Z-stack fluorescent images were MAX projected. 16-bit images were manually thresholded to the same values within each series of stained chambers. Montage images were stitched using the ImageJ plugin Stitching58 available in the Fiji imaging processing package.

Determination of differentiation efficiency

Seven fields of hESC-neurons in monolayer from 4 independently stained chambers of at least DIV39 were used to estimate the efficiency of differentiation to mature hESC-neurons as detected by colocalization of DAPI signal with MAP2 or β-tubulin III positive staining. Three fields from two independently stained chambers of at least DIV49 were used to evaluate Nestin, GFAP, VGLUT1 and GAD67.

RNA isolation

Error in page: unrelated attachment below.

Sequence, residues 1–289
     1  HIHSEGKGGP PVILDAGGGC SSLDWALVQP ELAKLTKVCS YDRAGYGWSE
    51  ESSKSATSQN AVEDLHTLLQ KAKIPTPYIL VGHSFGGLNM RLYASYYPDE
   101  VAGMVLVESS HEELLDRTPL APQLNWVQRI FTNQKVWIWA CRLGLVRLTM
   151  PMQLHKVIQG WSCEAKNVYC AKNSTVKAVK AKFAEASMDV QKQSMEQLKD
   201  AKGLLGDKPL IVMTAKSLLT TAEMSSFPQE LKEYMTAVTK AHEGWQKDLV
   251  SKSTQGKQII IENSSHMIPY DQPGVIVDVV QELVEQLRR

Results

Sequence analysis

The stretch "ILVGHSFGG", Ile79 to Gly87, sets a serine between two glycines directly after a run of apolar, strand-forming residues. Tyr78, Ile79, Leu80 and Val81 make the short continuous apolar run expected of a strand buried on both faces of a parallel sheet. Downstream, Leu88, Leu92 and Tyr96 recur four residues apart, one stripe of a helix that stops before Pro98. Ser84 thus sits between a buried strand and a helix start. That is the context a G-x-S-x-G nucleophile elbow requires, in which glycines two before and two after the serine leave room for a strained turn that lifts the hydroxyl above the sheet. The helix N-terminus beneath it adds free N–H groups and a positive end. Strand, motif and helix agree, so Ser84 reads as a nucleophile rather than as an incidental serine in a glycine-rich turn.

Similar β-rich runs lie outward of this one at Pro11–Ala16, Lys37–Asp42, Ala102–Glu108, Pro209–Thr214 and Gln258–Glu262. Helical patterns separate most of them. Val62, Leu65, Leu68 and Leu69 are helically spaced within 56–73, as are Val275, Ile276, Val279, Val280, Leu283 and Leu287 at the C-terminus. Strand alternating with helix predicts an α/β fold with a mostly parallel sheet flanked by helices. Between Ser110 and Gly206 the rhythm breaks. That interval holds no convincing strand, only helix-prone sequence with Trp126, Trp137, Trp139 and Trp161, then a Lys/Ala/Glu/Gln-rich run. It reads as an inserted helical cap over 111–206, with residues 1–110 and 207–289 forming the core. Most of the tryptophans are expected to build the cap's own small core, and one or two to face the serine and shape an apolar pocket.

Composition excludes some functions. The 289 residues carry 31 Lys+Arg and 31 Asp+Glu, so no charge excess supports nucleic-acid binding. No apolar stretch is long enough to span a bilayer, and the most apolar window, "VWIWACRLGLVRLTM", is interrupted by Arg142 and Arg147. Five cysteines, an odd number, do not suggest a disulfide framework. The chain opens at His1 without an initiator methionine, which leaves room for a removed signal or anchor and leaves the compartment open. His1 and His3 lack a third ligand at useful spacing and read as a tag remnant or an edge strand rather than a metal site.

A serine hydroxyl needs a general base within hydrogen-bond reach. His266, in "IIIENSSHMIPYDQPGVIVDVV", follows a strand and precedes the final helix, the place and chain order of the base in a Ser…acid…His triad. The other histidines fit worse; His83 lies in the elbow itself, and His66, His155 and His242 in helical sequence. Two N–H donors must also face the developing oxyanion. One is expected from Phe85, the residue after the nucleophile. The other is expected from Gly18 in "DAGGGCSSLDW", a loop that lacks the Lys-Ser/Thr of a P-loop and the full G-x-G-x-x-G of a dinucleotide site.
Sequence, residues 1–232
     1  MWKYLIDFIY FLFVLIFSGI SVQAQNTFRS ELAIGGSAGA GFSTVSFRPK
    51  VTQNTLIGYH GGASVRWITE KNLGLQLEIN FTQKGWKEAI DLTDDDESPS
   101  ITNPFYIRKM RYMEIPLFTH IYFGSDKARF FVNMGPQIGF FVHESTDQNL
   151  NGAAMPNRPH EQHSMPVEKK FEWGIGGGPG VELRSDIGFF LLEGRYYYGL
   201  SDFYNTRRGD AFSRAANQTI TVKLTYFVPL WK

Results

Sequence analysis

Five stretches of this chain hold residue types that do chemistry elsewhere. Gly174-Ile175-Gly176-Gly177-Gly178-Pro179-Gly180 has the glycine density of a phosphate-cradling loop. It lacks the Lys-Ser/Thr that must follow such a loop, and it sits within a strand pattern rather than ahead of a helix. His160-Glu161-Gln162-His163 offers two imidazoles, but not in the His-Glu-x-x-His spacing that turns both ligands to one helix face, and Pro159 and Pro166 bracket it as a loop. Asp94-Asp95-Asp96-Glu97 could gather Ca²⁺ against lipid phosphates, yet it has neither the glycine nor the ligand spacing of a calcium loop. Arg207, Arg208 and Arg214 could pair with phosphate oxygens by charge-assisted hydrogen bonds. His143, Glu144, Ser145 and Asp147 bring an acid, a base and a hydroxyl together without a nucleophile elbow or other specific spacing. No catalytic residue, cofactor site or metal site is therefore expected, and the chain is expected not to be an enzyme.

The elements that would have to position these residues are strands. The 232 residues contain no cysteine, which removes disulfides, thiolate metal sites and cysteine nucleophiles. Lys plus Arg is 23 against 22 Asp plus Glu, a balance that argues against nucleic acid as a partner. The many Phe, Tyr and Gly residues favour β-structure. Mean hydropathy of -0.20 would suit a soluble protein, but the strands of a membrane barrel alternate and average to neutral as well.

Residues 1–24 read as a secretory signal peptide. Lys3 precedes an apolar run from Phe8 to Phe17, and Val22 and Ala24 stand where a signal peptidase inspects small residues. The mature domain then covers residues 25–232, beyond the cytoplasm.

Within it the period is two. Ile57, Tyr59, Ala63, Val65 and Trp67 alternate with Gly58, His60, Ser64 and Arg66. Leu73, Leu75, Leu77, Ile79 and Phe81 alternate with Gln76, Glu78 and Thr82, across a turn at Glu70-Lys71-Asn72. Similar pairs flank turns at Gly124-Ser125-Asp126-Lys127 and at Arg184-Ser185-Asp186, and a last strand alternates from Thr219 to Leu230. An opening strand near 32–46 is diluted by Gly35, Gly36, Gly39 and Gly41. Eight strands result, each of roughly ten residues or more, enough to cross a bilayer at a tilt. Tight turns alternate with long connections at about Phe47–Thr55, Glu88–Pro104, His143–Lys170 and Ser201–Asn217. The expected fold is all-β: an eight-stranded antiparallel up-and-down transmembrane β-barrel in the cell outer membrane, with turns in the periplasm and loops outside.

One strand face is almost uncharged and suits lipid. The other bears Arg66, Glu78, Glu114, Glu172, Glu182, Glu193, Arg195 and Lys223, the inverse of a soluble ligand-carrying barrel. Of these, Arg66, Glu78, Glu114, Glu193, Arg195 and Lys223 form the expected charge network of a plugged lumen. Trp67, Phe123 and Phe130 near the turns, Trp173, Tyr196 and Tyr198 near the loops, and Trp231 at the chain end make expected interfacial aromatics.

On DIV59 isolation of RNA from microfluidic cultures using the RNAqueous-Micro Kit (Ambion) was performed as previously described22, 23. To collect RNA from the axonal compartment continuous aspiration was applied to the somatic compartment to prevent somatodendritic RNA from entering the sample. Most of the axonal media was removed and lysis buffer was added to one well, the reagent that flowed to the other axonal well through the axonal compartment was collected as the RNA of distal projections. Subsequent RNA purification was performed according to manufacturer’s instructions and RNA was eluted in a final volume of 10 µl. Neuronal RNA was collected from the somatic compartment of hESC-neurons grown in microfluidic chambers not used for axonal RNA collection, this compartment contained somata, dendrites and axons which did not pass through the microgrooves. The majority of the media from the somatic compartment was removed and the same RNA isolation procedure was followed, omitting constant aspiration. Each sample was obtained from one microfluidic chamber. Samples were stored at −80 °C until further processing by the UNC Lineberger Comprehensive Cancer Center Genomics Core and the UNC School of Medicine Functional Genomics Core. Three axonal and three neuronal samples were collected and analyzed.